On June 24, 2022, the U.S. Supreme Court issued its decision in Dobbs v. Jackson Women’s Health Organization, overturning Roe v. Wade and Planned Parenthood of Southeastern PA. v. Casey and upending nearly 50 years of a constitutional right to abortion that Wisconsinites and Americans had relied upon for nearly five decades.

The U.S. Supreme Court decision to overturn Roe threw reproductive freedom in Wisconsin into chaos. Wisconsin remained one of several states with an outdated criminal abortion ban on the books. The statute was enacted in 1849, before the American Civil War and at a time when Wisconsin women did not have the right to vote

Healthcare providers and patients in Wisconsin were thrown into legal uncertainty, and nearly all abortion services in the state ceased. Since the U.S. Supreme Court overturned Roe, Wisconsin women have been without abortion care services, with few exceptions, for over a year now.

Days after the Dobbs decision was released, Governor Tony Evers and Attorney General Josh Kaul filed a lawsuit to clarify that Wisconsin’s outdated, total criminal ban on abortion is unenforceable. On July 7, 2023, the Dane County Circuit Court denied a motion to dismiss the case and decided to allow that lawsuit to continue.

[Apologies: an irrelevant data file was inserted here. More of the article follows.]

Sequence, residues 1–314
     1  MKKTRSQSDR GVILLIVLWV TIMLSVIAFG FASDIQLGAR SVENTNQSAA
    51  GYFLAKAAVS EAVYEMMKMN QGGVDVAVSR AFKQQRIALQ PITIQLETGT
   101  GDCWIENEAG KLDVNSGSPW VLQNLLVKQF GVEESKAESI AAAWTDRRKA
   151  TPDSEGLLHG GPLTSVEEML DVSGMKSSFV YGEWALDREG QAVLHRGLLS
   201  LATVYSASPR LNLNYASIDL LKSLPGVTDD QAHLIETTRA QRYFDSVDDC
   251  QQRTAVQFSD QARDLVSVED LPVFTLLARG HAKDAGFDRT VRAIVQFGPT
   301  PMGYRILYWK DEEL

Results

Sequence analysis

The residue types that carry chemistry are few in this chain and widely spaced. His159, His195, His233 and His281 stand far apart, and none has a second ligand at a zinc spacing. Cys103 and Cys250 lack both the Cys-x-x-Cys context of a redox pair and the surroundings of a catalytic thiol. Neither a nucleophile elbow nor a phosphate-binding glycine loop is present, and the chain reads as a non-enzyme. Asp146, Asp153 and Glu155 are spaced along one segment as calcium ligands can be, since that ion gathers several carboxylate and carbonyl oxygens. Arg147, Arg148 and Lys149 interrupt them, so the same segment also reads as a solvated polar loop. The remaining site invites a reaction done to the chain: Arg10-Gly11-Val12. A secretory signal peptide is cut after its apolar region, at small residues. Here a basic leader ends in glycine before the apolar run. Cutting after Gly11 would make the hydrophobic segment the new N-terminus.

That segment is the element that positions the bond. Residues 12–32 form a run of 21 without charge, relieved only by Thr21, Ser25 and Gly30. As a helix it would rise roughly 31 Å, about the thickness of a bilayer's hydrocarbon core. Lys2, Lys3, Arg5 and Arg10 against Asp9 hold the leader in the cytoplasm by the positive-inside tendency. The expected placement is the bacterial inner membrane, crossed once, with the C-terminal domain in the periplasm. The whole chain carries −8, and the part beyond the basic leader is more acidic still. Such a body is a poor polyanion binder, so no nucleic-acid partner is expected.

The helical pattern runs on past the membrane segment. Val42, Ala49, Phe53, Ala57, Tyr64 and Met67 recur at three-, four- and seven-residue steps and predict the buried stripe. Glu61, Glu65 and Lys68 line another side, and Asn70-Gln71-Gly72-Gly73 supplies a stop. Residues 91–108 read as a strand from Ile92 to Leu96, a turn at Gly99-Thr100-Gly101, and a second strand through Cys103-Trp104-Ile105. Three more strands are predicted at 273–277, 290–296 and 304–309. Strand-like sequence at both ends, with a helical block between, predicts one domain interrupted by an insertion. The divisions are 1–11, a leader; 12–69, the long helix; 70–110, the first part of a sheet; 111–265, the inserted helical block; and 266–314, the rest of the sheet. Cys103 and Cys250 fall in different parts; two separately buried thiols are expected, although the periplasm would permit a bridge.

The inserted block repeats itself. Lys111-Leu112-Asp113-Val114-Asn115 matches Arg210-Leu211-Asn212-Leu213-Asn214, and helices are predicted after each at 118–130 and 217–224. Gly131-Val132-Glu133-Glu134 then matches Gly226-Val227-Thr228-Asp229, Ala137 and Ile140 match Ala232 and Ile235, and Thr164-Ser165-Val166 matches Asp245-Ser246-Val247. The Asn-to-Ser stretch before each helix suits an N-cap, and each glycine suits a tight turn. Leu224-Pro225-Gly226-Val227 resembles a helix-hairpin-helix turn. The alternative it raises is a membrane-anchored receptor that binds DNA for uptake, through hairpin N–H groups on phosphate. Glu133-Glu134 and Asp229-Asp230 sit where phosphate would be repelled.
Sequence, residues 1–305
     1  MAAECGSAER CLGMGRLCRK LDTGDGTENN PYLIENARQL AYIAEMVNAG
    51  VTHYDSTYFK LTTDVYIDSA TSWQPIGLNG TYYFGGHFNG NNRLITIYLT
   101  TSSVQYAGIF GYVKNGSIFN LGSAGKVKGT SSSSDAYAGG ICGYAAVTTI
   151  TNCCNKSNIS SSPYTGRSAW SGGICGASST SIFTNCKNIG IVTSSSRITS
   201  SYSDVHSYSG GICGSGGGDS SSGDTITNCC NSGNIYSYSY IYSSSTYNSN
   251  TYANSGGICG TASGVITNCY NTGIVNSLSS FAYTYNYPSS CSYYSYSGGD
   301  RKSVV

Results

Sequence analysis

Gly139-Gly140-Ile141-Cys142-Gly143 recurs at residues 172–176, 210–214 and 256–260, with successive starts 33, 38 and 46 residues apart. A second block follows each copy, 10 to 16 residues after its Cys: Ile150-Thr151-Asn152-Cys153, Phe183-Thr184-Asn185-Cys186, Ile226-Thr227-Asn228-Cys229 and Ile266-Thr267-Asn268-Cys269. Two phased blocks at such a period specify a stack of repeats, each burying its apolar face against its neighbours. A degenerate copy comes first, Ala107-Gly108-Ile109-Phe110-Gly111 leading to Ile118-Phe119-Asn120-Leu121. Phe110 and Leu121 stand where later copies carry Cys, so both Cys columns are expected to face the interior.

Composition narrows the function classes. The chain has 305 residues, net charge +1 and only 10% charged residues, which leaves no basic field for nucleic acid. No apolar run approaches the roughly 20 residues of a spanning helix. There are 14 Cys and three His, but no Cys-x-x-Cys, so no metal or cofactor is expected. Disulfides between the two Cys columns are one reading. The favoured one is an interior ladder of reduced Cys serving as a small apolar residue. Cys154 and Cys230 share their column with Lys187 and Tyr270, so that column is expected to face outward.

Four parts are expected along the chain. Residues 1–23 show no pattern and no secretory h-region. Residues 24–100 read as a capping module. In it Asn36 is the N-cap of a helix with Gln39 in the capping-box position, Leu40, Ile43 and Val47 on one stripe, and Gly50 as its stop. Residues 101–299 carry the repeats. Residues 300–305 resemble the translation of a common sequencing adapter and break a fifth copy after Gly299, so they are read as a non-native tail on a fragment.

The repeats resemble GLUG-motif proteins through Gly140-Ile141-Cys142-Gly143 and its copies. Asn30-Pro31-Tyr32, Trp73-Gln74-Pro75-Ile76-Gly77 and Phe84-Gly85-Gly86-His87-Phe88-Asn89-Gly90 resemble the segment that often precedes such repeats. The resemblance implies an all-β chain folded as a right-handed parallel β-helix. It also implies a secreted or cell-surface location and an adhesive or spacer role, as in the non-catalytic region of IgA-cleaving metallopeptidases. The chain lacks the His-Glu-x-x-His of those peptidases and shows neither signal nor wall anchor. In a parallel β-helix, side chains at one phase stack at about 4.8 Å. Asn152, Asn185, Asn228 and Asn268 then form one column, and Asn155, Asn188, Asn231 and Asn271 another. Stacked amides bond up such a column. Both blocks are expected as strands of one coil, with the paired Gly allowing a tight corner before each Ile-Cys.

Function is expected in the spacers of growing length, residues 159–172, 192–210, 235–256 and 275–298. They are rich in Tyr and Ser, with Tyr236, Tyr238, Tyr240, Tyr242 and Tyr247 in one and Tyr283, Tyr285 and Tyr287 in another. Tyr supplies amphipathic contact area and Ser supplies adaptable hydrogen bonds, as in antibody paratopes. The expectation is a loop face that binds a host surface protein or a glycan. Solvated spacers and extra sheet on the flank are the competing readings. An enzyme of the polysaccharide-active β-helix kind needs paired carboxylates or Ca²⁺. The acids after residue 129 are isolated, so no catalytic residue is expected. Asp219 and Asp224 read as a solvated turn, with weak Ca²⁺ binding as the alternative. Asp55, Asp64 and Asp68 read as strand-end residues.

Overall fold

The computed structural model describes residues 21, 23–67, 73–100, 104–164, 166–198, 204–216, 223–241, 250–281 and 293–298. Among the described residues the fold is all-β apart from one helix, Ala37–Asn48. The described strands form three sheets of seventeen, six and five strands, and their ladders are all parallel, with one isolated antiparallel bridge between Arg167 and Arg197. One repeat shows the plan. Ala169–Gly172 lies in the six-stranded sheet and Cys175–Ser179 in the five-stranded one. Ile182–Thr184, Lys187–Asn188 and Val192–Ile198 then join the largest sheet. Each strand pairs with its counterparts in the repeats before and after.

In her ruling, the judge stated that “ … Wisconsin Statute § 940.04 does not prohibit a consensual medical abortion.” In response to the court’s ruling, Planned Parenthood of Wisconsin announced on September 14 that they would resume providing abortion services to patients in Wisconsin.

“I’ve been clear from the beginning that I would fight to restore reproductive freedom in our state with every power and every tool we have, and I’ve spent every day over the last year doing just that,” said Governor Evers. “Planned Parenthood of Wisconsin’s announcement as a result of our lawsuit, regarding Wisconsin’s criminal abortion ban, means Wisconsinites will once again be able to access vital reproductive healthcare and abortion services without exception for the first time since June of last year.”

Governor Evers and Democrats have been working to protect and defend reproductive freedom for Wisconsinites for the past four years, including in the wake of the U.S. Supreme Court’s decision to overturn Roe and decades of reproductive healthcare precedent with their ruling in Dobbs. Planned Parenthood of Wisconsin’s decision is critically important news for Wisconsin women and patients across our state who have been unable to access the healthcare they need when and where they need it.

“I also want to be clear, I will never let up. And we must not let up. Our fight to restore the same reproductive rights and freedoms Wisconsinites had up until the day the U.S. Supreme Court overturned Roe must continue,” added Governor Evers. “I will keep fighting like hell every day until Wisconsinites have the right to make their own healthcare decisions without interference from politicians who don’t know anything about their lives, their family, or their circumstances.”